The announcement that Paul Givan is to be the DUP’s nomination to become the North's next First Minister has finally confirmed the worst-kept secret in Northern Ireland politics.
There had been speculation for several weeks that the Lagan Valley MLA, one of the key lieutenants of the new party leader Edwin Poots, would likely be asked to take on the role.
When Mr Poots made his first visit as DUP leader to Dublin last week for a meeting with Taoiseach Micheál Martin, it was Mr Givan that he chose to accompany him on the trip.
However, being nominated for first minister represents a meteoric rise to the top of the political ranks for the unionist politician, a 39-year-old father of three daughters.
It is understood that he had some reservations about taking on the top job, conscious of the impact on his young family and believing that it may have come along too early in his career.
Despite this, he had repeatedly made clear that he would take on any role that was offered to him by the new party leader.
Edwin Poots and Paul Givan have a long association. Both represent the Lagan Valley constituency which includes Lisburn. The younger man’s first taste of politics came when working as a part-time assistant in Mr Poots’ constituency and Stormont offices.
Mr Givan was co-opted in 2010 as an MLA at Stormont, replacing the MP Jeffrey Donaldson, who gave up his Stormont position to concentrate on Westminster.
Ironically, it was Mr Donaldson who was later to run against Mr Poots in the DUP leadership battle which has opened splits in the party and led to a number of resignations.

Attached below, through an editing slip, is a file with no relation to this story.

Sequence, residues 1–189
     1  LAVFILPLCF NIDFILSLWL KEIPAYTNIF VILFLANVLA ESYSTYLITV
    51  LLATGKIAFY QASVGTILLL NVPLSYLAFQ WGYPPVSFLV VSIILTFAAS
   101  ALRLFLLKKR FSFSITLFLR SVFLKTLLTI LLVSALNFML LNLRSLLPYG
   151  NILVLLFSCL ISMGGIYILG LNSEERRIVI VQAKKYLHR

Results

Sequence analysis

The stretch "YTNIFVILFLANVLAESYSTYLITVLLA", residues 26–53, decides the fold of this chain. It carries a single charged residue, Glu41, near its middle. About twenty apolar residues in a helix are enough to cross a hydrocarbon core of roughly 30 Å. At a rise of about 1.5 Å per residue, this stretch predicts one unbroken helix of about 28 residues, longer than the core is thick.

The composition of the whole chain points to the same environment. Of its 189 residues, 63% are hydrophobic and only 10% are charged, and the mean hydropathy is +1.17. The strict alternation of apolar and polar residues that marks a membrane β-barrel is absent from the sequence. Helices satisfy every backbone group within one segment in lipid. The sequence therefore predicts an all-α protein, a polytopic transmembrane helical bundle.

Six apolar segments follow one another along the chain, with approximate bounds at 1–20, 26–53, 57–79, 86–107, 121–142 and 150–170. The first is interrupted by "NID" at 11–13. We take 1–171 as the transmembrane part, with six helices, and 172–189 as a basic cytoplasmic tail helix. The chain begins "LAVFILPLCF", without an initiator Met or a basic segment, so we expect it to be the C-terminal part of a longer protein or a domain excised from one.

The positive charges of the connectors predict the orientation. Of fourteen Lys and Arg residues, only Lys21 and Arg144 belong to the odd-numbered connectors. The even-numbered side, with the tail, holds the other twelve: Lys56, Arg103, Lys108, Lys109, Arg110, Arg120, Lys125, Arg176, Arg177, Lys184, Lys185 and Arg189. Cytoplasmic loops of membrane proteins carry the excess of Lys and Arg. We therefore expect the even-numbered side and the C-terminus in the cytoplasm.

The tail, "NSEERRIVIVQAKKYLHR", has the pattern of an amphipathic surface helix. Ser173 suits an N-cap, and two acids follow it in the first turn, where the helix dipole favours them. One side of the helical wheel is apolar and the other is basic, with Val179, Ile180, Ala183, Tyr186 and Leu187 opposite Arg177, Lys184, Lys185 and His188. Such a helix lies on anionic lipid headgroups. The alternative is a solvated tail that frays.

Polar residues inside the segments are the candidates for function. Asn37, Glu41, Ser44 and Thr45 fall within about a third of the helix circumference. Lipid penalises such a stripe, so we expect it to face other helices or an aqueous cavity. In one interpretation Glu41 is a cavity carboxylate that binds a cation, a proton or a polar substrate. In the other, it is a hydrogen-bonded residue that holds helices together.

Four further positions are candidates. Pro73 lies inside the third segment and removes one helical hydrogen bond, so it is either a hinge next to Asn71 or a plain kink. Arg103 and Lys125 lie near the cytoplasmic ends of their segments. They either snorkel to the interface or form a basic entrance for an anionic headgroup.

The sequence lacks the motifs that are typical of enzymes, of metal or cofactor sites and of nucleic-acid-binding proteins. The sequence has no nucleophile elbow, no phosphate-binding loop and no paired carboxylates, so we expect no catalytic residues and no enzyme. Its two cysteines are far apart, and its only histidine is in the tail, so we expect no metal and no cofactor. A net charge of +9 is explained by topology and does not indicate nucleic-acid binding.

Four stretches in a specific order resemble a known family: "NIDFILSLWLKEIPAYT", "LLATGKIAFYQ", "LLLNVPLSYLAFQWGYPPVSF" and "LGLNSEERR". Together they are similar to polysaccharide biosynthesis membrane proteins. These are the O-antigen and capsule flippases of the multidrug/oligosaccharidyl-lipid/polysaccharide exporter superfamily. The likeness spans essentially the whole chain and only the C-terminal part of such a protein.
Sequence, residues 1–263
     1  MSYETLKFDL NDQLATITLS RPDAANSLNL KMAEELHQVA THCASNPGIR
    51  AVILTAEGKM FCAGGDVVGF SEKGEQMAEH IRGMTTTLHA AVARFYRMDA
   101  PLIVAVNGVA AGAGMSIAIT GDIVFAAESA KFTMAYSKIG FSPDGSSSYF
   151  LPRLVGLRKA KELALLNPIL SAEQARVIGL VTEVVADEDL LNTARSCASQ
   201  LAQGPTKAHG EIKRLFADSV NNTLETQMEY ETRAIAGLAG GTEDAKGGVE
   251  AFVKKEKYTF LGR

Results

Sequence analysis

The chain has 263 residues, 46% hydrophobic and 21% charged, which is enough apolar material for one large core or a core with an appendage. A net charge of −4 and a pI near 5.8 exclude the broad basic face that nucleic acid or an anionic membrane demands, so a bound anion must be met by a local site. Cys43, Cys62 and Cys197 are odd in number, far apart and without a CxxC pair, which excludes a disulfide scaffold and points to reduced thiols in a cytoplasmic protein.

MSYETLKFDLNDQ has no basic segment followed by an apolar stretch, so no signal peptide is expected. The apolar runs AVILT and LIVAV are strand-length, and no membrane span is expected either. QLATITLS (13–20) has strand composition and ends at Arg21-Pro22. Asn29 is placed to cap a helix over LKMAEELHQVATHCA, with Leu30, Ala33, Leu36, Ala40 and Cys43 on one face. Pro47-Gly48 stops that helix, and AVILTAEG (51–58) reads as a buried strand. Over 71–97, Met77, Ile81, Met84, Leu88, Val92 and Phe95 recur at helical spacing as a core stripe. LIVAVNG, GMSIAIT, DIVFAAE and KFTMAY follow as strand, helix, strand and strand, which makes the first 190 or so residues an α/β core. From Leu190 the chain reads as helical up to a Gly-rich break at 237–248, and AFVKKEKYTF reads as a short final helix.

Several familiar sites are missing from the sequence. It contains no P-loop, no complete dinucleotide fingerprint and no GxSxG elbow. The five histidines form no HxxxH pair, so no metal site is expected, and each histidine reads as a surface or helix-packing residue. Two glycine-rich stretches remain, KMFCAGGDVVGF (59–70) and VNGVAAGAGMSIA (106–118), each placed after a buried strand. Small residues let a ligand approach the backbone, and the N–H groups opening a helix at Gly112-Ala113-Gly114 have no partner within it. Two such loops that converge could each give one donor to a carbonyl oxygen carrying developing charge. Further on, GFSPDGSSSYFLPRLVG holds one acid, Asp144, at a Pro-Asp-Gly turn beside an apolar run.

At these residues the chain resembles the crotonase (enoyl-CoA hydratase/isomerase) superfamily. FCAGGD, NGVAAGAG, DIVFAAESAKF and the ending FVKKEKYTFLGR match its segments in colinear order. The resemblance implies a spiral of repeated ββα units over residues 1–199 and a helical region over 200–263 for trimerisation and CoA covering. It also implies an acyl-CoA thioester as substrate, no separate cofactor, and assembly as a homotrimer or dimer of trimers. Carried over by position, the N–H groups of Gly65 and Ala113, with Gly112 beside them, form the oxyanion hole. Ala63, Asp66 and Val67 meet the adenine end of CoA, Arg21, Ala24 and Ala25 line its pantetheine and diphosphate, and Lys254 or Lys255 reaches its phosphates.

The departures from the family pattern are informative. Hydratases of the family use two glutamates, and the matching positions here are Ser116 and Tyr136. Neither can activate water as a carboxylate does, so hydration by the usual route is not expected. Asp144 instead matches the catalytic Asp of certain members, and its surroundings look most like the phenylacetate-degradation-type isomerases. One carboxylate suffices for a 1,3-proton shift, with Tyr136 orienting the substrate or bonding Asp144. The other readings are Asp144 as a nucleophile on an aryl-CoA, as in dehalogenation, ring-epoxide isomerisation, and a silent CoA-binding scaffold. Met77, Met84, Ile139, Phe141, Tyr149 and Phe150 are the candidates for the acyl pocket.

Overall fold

Mr Givan has made controversial decisions in the past. In 2016, when serving as Communities Minister, he withdrew funding for an Irish language bursary scheme.
The Liofa Gaeltacht Bursary Scheme enabled at least 100 people a year to attend summer Irish language classes in the Donegal gaeltacht.
The email informing employees of the decision was signed off “Happy Christmas and Happy New Year” and led to Mr Givan being branded an “ignoramus” by then Sinn Fein president Gerry Adams.
The row occurred just days before Martin McGuinness resigned at the height of the botched RHI scheme controversy. Devolution remained suspended for three years.
However, Mr Givan has also shown he has the ability to reach out to the nationalist community. Earlier in 2016 he visited a GAA club in Lisburn and was photographed kicking a gaelic football.
His ability to co-operate with his political opponents is likely to be further tested in the future. While Sinn Féin can still block his appointment, if he does take on the First Minister position, he will have to work closely alongside Michelle O’Neill.
The First Minister and Deputy First Minister are the joint heads of the Northern Ireland Executive and undertake a number of dual responsibilities, including photoshoots and press conferences.
Mr Givan has gained a reputation as one of the more socially conservative DUP members. In February of this year he proposed a private member’s bill at the Assembly, proposing a new law to prevent abortions being carried out in Northern Ireland in cases of non-fatal disabilities.
Abortion laws in the region were liberalised last year following legislation passed at Westminster. Mr Givan’s bill represented the first attempt since devolution was restored to roll back the laws.
He said: “This is an opportunity for people to come together and fight a prejudicial, discriminatory piece of legislation.”
When Mr Givan was revealed as his party’s nomination for First Minister at Stormont on Tuesday, he referred to his party predecessors who had held the post, Ian Paisley, Peter Robinson and Arlene Foster, as “giants of unionism”.
If there is a smooth transition of power next week and he follows in their footsteps, he will become Northern Ireland’s youngest ever First Minister.